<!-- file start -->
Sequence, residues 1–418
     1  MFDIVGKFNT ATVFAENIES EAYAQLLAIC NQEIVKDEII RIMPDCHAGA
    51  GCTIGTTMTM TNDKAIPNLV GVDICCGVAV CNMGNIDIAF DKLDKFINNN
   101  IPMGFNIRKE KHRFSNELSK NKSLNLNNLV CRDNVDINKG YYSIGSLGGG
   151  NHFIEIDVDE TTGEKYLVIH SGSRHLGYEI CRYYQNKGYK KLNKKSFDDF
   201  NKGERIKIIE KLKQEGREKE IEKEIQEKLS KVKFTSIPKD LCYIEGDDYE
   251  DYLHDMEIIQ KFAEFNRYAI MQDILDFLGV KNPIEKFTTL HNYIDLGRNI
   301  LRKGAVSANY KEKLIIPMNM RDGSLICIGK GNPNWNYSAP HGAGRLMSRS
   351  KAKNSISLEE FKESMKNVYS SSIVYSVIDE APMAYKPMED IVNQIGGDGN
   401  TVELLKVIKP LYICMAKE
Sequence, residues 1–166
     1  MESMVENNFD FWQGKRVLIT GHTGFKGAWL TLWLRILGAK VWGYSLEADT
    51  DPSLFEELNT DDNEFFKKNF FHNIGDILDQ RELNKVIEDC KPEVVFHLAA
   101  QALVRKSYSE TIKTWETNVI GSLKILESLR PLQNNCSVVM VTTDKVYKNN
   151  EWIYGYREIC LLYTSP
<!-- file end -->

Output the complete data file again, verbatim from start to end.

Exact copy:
Sequence, residues 1–418
     1  MFDIVGKFNT ATVFAENIES EAYAQLLAIC NQEIVKDEII RIMPDCHAGA
    51  GCTIGTTMTM TNDKAIPNLV GVDICCGVAV CNMGNIDIAF DKLDKFINNN
   101  IPMGFNIRKE KHRFSNELSK NKSLNLNNLV CRDNVDINKG YYSIGSLGGG
   151  NHFIEIDVDE TTGEKYLVIH SGSRHLGYEI CRYYQNKGYK KLNKKSFDDF
   201  NKGERIKIIE KLKQEGREKE IEKEIQEKLS KVKFTSIPKD LCYIEGDDYE
   251  DYLHDMEIIQ KFAEFNRYAI MQDILDFLGV KNPIEKFTTL HNYIDLGRNI
   301  LRKGAVSANY KEKLIIPMNM RDGSLICIGK GNPNWNYSAP HGAGRLMSRS
   351  KAKNSISLEE FKESMKNVYS SSIVYSVIDE APMAYKPMED IVNQIGGDGN
   401  TVELLKVIKP LYICMAKE
Sequence, residues 1–166
     1  MESMVENNFD FWQGKRVLIT GHTGFKGAWL TLWLRILGAK VWGYSLEADT
    51  DPSLFEELNT DDNEFFKKNF FHNIGDILDQ RELNKVIEDC KPEVVFHLAA
   101  QALVRKSYSE TIKTWETNVI GSLKILESLR PLQNNCSVVM VTTDKVYKNN
   151  EWIYGYREIC LLYTSP